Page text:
When the Conservancy was founded in 1980, Central Park had deteriorated. Landscapes, the infrastructure–lighting, benches, buildings–virtually all the public amenities were in disrepair. There also had been some highly publicized incidents of crime in the park. In fact, things were in such bad shape that Senator Daniel Moynihan threatened to turn the park over to the National Park Service. That sense of urgency helped motivate a number of New Yorkers to save Central Park. One of them, Elizabeth Barlow-Rogers, was an active volunteer in the park who became the founding member and first president of the Central Park Conservancy. She and other prominent New Yorkers introduced the concept of bringing private philanthropy to a public park.

Was that something that the city welcomed?
The city welcomed the private support because officials knew it would bring much-needed resources to Central Park, while the city would retain authority. The public, however, particularly some civic groups in Manhattan, questioned whether this was a sound precedent. Many New Yorkers feel strongly that it is the city’s obligation to provide and maintain parks and open space to its citizens, not the private sector’s. Some were concerned that donors would have undue influence over the park. It took the Conservancy and the city quite a long time to convince the public that while their concerns were reasonable, that wasn’t going to happen here. And I think the city was very vigilant about making sure it wasn’t going to happen. Educating the public about this new partnership fell largely to the Conservancy.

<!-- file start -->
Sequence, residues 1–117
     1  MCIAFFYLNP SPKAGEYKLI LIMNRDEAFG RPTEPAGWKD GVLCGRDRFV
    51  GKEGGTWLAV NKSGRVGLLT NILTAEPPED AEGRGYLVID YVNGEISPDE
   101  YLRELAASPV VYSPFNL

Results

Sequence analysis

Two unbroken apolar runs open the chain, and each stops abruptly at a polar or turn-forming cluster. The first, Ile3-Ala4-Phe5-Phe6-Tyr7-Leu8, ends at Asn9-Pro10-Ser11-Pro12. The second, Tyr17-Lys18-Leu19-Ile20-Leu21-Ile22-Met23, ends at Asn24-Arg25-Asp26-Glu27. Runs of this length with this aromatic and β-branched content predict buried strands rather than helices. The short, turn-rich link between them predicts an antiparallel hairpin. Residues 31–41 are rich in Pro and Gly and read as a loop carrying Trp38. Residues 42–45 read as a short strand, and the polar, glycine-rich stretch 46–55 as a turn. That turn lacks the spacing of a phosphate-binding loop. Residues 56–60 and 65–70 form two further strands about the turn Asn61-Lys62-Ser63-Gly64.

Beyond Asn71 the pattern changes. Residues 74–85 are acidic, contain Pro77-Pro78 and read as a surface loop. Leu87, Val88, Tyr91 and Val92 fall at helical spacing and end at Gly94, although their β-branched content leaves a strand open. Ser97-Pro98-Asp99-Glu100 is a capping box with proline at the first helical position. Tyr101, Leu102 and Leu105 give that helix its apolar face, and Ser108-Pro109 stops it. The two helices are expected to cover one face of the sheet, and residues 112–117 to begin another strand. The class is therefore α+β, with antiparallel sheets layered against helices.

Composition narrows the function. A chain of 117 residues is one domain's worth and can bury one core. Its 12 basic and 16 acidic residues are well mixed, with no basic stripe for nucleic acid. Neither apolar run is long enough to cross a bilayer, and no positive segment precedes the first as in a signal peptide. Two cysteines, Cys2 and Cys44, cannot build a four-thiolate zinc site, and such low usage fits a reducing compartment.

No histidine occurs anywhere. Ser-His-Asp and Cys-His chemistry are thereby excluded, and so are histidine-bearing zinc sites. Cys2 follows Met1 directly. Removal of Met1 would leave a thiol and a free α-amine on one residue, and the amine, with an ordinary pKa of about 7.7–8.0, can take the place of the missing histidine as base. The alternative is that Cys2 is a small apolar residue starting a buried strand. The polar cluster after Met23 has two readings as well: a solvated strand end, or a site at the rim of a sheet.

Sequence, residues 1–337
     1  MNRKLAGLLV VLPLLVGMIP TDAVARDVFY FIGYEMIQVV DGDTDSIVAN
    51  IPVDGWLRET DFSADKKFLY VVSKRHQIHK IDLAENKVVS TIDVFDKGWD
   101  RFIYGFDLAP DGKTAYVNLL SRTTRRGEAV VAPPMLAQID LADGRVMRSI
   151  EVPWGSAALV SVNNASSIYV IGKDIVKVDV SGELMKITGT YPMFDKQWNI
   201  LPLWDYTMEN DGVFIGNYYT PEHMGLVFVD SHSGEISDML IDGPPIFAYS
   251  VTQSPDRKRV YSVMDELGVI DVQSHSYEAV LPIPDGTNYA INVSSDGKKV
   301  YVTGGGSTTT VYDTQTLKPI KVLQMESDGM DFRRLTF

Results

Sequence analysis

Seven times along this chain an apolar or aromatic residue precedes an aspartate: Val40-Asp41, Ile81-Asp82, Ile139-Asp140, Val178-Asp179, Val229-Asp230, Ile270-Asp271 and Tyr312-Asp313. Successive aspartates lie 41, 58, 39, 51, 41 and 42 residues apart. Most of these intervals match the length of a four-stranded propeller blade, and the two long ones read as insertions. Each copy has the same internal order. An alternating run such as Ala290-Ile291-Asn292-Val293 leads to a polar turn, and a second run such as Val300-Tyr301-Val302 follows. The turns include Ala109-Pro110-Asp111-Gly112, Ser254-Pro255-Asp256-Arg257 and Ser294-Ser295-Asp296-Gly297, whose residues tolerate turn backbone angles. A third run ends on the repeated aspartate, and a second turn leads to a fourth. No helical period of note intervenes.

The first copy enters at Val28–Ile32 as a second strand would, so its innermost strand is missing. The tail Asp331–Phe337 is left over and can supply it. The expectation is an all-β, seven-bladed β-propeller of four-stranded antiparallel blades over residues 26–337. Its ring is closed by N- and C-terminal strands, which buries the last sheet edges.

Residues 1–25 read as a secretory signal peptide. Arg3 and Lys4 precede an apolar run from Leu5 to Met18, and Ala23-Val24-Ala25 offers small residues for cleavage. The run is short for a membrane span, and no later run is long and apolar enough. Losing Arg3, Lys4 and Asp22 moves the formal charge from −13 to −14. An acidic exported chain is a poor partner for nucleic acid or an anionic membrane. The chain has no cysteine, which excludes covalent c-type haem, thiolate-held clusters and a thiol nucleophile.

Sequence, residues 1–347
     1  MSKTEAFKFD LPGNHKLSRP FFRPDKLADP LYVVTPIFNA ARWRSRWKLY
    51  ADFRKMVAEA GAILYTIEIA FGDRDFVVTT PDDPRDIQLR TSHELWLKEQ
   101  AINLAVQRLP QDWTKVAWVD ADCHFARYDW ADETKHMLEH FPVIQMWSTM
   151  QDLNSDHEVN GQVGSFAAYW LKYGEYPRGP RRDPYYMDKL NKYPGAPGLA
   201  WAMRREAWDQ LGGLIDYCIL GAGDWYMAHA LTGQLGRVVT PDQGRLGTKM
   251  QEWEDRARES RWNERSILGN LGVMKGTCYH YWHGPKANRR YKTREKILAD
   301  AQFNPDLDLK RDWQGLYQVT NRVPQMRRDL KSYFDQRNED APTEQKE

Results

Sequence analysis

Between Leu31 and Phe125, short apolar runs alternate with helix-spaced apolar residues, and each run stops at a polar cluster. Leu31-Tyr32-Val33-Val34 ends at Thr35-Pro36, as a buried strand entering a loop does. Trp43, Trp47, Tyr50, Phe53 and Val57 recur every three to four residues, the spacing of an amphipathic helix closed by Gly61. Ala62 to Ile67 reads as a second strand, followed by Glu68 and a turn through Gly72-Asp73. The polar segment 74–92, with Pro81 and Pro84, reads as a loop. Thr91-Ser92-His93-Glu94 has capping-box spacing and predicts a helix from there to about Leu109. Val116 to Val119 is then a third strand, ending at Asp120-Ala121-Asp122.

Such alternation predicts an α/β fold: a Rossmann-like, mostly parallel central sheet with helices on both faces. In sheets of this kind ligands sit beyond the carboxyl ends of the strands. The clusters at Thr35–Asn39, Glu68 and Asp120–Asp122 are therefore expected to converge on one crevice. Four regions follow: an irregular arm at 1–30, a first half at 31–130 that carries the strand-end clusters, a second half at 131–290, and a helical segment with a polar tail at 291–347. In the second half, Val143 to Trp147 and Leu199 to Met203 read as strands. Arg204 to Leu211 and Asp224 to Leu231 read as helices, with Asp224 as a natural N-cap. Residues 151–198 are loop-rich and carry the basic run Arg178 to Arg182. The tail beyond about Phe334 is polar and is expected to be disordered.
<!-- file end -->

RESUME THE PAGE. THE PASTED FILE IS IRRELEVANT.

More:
How did you respond to these concerns?
The Conservancy established the first office of community relations for Central Park. As director, one of the first things I did was create a community advisory board to advise the Conservancy’s Board of Trustees on the capital rebuilding plan and other matters affecting the public. Today we actually have about half a dozen advisory groups that guide us on everything from managing our woodlands to improving safety on the park drives to issues affecting dogs and their owners.

How did the Conservancy approach restoration work in the park?
The Conservancy developed a master plan for the entire park that analyzed use, circulation, infrastructure, topography, and soil conditions, and recommended specific methods to rebuild the park. The first projects were chosen: Sheep Meadow at the southern end, Bethesda Terrace in the middle of the park, and Conservatory Gardens, located in the north end of the park. We started at the Bethesda Fountain, which is at the heart of the park on 72nd Street and is pro- bably the park’s most recognized feature. I think restoring the fountain was a symbol for what the Conservancy was capable of doing parkwide. The fountain was inoperable for a long time, it was graffiti-marred, and the arcade was dark and seedy. When the entire area was restored, it felt to many New Yorkers that anything was possible.

What remains to be done?